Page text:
I know. It's almost October and I'm just getting around to the August books. As I write this post, my sweet boys are vacuuming the family room. It has taken me 10 minutes to write these sentences because I have been constantly interrupted. At this very moment I'm getting poked and the phrase, "He's taking all of it" is being chanted into my ear. Blogging is the hardest right now, you guys.
1. One Flew Over the Cuckoo's Nest by Ken Kesey
I've seen bits and pieces of the movie with Jack Nicholson, but I can't remember anything. I got about 100 pages into the book and I had to stop. It's well written, the style is different and interesting, but I just couldn't do the subject matter. I guess I assumed, based on the little I knew of the movie, that the story would be from Jack Nicholson's character's point of view. Instead, we see the psych ward from the big, mute, American Indian's point of view. He's rarely grammatically correct, which I'm fascinated by - I would think it would be difficult to write that way when your job is to write. Sometimes Chief Bromden describes events that couldn't possibly be real, but to him they are real. Very unsettling. It left me wondering what was happening really underneath all the hallucinations.
I couldn't finish it because of the abuse and apparent hatred the staff felt and showed toward the mental patients. I really don't want any of that to be true. No humanity. I don't want to visit that world.
2. Life After Life by Kate Atkinson
I've read at least one other book by Kate Atkinson and I remembered liking it. Also, the concept of this book intrigued me. The main character, Ursula, starts life over again after dying. She has deja vu, premonitions, echos of the events she's already experienced, so she's able to avoid getting killed and other tragedies the second time around.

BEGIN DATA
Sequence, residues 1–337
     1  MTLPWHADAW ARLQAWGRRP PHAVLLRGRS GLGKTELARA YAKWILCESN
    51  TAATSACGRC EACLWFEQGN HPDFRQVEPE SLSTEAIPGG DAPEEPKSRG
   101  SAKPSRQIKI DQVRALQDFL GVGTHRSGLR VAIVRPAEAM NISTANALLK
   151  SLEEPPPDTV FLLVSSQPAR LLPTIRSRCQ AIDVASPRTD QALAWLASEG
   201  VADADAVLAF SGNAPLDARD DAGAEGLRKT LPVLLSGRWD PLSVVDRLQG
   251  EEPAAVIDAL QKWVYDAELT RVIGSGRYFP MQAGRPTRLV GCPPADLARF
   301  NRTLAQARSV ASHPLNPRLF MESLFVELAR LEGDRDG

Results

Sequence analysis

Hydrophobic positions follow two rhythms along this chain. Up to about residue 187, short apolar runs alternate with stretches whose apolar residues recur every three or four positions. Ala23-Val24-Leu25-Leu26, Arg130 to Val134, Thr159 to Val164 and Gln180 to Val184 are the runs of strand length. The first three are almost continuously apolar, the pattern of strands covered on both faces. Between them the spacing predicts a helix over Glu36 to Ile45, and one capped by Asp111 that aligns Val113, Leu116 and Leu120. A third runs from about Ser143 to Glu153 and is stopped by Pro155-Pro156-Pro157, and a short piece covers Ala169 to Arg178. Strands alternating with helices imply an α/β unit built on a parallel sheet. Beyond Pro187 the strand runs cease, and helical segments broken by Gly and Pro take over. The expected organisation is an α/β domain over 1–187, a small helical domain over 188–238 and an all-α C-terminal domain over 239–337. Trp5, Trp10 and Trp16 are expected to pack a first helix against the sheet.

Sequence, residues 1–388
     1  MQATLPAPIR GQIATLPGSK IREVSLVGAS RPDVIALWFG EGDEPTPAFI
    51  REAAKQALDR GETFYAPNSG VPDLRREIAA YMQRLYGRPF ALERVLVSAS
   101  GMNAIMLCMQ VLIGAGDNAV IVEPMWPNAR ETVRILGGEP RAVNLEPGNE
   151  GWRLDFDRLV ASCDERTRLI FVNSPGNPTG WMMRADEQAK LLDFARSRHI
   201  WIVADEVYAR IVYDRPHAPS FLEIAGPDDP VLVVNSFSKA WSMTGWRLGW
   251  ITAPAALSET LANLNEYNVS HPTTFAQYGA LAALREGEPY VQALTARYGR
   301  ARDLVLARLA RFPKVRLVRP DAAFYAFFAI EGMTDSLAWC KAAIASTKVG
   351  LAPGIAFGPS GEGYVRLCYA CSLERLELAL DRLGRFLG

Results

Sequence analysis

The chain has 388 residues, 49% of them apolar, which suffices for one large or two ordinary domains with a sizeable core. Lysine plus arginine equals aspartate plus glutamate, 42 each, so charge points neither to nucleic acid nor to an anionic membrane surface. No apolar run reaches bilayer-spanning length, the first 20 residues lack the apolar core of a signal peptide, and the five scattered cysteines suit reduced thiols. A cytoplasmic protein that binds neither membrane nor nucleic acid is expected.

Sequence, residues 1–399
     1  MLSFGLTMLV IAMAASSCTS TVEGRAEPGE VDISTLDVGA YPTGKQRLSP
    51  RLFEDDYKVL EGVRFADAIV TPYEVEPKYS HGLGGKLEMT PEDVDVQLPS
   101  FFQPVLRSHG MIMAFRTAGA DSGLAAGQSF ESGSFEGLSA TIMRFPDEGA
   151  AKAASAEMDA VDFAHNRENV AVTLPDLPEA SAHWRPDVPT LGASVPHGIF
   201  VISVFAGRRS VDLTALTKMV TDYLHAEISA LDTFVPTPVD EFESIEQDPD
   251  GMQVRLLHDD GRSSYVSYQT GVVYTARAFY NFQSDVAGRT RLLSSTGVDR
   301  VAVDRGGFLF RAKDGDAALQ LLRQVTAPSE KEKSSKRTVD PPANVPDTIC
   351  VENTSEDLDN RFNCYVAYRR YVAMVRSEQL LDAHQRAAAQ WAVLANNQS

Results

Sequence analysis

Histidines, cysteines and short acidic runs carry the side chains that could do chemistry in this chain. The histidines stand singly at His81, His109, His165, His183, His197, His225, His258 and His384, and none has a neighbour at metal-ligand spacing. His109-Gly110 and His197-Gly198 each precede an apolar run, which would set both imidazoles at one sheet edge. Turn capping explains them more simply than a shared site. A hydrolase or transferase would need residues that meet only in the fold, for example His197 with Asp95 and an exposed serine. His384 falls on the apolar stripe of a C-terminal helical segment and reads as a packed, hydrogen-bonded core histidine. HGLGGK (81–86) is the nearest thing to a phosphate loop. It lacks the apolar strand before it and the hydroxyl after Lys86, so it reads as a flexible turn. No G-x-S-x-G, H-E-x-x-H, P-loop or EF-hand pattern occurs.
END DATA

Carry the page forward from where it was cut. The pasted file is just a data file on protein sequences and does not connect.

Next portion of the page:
Ursula is born in England in December 1910 on a snowy, cold night. The umbilical cord is wrapped around her neck and in most versions of her first moments of life, the doctor is able to save her. When Ursula is four years old, her family is having a holiday by the sea. She and her sister Pamela swim in the ocean and Ursula drowns sometimes. In the versions where Ursula makes it to her 16th birthday, she is always sitting under an apple tree on a perfect September day, reading a good book. Her mother comments to her that she has very few days like this left. That we always think we'll have time to lounge outside under a tree and read, but the older we get the less time we have to do that.
One of the versions of Ursula's life was unbearable. She's raped by one of her brother's school friends, gets pregnant as a result, has an abortion without knowing what was happening (she's very naive - didn't even realize she was pregnant), marries a psychopath who ends up murdering her. YIKES. It was such a relief that she could start over and avoid all that stuff the next time around. When we got to the World War II years I found less and less to enjoy about the book. A bomb takes out the building in London where Ursula lives half a dozen times. BAH. In one version where she doesn't even live there, she's still there when the bomb goes off. One of the times, though, Ursula marries a German boy and knows Hitler's girlfriend. When Ursula has gone through enough World War IIs to see that Hitler's got to go, she decides that the reason she keeps starting over is to kill Hitler and prevent World War II. I was so excited to see what would happen if World War II never happened! What would that look like? But she shot him and was immediately killed and the book just went back to her birth in December 1910. Bother.